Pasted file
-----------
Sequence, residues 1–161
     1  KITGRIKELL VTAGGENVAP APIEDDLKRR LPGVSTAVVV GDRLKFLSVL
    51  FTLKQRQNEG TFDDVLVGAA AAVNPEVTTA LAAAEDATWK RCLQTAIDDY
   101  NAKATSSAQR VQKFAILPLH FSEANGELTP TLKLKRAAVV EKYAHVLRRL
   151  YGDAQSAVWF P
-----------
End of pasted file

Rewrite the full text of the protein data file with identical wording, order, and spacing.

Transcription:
Sequence, residues 1–161
     1  KITGRIKELL VTAGGENVAP APIEDDLKRR LPGVSTAVVV GDRLKFLSVL
    51  FTLKQRQNEG TFDDVLVGAA AAVNPEVTTA LAAAEDATWK RCLQTAIDDY
   101  NAKATSSAQR VQKFAILPLH FSEANGELTP TLKLKRAAVV EKYAHVLRRL
   151  YGDAQSAVWF P